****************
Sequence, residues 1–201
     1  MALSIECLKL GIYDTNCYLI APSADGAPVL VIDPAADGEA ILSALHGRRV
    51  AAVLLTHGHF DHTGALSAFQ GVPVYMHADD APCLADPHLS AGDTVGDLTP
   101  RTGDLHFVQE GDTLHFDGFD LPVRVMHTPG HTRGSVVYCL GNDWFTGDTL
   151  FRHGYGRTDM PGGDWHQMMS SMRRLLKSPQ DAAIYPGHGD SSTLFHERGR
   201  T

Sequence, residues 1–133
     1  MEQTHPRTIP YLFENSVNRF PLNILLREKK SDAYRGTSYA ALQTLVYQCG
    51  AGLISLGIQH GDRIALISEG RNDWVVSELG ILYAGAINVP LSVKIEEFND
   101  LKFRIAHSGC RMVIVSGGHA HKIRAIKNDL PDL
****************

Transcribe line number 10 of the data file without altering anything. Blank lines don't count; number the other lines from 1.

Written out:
   101  LKFRIAHSGC RMVIVSGGHA HKIRAIKNDL PDL